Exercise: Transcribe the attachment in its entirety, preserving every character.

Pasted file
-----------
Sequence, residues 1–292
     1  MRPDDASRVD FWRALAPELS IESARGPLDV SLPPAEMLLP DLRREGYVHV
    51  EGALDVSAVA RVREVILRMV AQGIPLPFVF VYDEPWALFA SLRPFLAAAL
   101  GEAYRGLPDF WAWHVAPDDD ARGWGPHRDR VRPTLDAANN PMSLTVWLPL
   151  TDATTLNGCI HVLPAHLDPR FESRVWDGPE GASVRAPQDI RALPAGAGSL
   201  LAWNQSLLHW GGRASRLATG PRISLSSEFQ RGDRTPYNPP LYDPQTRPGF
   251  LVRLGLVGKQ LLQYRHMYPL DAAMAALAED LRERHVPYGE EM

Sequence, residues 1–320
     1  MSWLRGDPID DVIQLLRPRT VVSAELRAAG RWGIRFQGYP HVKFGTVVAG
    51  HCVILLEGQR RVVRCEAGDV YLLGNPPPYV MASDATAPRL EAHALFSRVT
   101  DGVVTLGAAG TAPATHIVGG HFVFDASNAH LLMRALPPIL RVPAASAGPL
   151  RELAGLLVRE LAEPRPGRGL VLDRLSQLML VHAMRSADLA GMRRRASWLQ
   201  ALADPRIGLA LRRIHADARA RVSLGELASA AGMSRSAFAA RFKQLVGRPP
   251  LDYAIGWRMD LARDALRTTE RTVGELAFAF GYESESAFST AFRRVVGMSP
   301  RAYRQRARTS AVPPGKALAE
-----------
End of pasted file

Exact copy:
Sequence, residues 1–292
     1  MRPDDASRVD FWRALAPELS IESARGPLDV SLPPAEMLLP DLRREGYVHV
    51  EGALDVSAVA RVREVILRMV AQGIPLPFVF VYDEPWALFA SLRPFLAAAL
   101  GEAYRGLPDF WAWHVAPDDD ARGWGPHRDR VRPTLDAANN PMSLTVWLPL
   151  TDATTLNGCI HVLPAHLDPR FESRVWDGPE GASVRAPQDI RALPAGAGSL
   201  LAWNQSLLHW GGRASRLATG PRISLSSEFQ RGDRTPYNPP LYDPQTRPGF
   251  LVRLGLVGKQ LLQYRHMYPL DAAMAALAED LRERHVPYGE EM

Sequence, residues 1–320
     1  MSWLRGDPID DVIQLLRPRT VVSAELRAAG RWGIRFQGYP HVKFGTVVAG
    51  HCVILLEGQR RVVRCEAGDV YLLGNPPPYV MASDATAPRL EAHALFSRVT
   101  DGVVTLGAAG TAPATHIVGG HFVFDASNAH LLMRALPPIL RVPAASAGPL
   151  RELAGLLVRE LAEPRPGRGL VLDRLSQLML VHAMRSADLA GMRRRASWLQ
   201  ALADPRIGLA LRRIHADARA RVSLGELASA AGMSRSAFAA RFKQLVGRPP
   251  LDYAIGWRMD LARDALRTTE RTVGELAFAF GYESESAFST AFRRVVGMSP
   301  RAYRQRARTS AVPPGKALAE